Watching national team C train it was interesting to observe the staff and what they did, or more precise, what they didn’t do. There where throughout the session, minimum four staff members standing around with no apparent responsibilities except fetching balls and filling up one team for a short part of the tactical session. The head coach and his assistant (not included in the four) where both using the leadership style of the teacher when they where coaching the players. Interestingly, there was almost no interaction between the head coach and the rest of his staff, the four onlookers who did a good job of supporting the posts of the goal on the sideline.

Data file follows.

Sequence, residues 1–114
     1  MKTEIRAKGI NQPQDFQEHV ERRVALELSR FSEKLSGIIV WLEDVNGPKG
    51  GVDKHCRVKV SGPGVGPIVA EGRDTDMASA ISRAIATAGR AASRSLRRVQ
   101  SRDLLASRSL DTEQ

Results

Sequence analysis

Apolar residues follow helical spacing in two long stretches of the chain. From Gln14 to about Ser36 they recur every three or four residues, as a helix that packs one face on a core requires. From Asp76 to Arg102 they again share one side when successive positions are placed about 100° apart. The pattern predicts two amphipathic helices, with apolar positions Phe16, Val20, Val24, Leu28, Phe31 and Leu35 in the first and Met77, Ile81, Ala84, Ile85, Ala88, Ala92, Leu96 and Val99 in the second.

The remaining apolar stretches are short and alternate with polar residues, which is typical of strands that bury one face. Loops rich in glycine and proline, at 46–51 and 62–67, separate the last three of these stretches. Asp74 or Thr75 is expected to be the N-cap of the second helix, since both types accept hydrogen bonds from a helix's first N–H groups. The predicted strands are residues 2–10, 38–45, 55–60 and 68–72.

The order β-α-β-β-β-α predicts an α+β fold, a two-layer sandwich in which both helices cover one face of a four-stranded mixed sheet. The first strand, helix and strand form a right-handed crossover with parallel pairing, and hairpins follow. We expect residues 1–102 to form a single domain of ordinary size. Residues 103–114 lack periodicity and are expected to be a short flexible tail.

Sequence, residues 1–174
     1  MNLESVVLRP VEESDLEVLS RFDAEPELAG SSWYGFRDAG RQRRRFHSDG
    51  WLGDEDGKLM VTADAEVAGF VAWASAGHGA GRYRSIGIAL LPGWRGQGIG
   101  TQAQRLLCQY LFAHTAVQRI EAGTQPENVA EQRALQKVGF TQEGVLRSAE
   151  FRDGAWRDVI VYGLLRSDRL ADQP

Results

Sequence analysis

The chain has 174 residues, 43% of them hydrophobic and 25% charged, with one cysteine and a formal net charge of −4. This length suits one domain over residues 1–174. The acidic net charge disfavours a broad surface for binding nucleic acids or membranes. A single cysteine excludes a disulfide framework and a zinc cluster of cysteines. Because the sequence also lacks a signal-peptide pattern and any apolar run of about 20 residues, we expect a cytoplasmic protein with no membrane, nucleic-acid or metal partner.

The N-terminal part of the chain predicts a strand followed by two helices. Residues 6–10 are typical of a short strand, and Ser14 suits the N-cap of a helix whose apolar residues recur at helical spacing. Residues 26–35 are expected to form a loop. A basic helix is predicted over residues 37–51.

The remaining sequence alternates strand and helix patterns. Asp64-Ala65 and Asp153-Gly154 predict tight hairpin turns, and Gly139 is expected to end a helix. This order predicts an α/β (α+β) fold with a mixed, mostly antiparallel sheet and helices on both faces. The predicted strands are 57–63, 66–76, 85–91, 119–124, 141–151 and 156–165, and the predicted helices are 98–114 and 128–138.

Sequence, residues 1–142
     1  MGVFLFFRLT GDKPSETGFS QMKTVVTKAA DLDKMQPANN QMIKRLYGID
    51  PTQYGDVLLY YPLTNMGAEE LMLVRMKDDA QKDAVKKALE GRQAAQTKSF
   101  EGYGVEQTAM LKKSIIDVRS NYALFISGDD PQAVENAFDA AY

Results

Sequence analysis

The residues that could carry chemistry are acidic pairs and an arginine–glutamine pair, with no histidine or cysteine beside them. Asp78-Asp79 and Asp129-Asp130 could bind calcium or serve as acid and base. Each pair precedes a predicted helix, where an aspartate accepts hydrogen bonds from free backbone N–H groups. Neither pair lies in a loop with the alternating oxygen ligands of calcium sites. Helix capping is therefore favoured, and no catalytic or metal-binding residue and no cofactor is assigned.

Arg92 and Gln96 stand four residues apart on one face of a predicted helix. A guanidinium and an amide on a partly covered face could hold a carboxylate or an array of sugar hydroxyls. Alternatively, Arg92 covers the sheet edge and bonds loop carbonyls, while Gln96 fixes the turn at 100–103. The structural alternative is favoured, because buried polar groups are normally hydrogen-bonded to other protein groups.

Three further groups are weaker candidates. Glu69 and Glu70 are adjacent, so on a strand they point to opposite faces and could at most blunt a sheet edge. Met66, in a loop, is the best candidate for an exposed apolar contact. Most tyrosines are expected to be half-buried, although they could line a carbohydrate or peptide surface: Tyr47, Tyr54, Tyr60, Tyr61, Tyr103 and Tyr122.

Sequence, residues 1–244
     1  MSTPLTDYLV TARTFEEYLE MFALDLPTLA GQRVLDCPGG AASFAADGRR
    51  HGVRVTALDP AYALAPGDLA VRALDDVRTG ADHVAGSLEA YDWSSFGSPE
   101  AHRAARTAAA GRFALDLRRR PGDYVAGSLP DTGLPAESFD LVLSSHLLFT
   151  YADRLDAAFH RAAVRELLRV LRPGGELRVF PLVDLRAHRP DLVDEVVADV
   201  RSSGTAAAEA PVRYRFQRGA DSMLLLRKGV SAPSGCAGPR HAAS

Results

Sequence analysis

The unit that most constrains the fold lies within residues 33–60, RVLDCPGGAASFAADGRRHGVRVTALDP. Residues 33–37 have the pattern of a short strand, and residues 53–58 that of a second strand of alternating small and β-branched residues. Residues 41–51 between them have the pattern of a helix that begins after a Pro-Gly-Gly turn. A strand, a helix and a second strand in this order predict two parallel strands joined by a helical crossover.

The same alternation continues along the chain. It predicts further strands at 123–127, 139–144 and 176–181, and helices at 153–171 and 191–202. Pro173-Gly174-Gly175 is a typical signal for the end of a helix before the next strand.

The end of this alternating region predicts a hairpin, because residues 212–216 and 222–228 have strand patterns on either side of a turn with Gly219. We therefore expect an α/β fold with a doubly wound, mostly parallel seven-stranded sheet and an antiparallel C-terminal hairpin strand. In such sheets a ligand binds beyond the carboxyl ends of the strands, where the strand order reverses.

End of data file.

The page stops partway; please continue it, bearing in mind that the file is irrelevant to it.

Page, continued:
To summarize the leadership style of the coaches for these three national teams we were able to observe, there were as expected, mostly teachers. That we also saw the leadership style of the manager was not shocking but more of a pleasant surprise while noticing the two assistant coaches for national team A coaching like commanders actually was a shock. (Why were we surprised? Read this post: How should you coach?)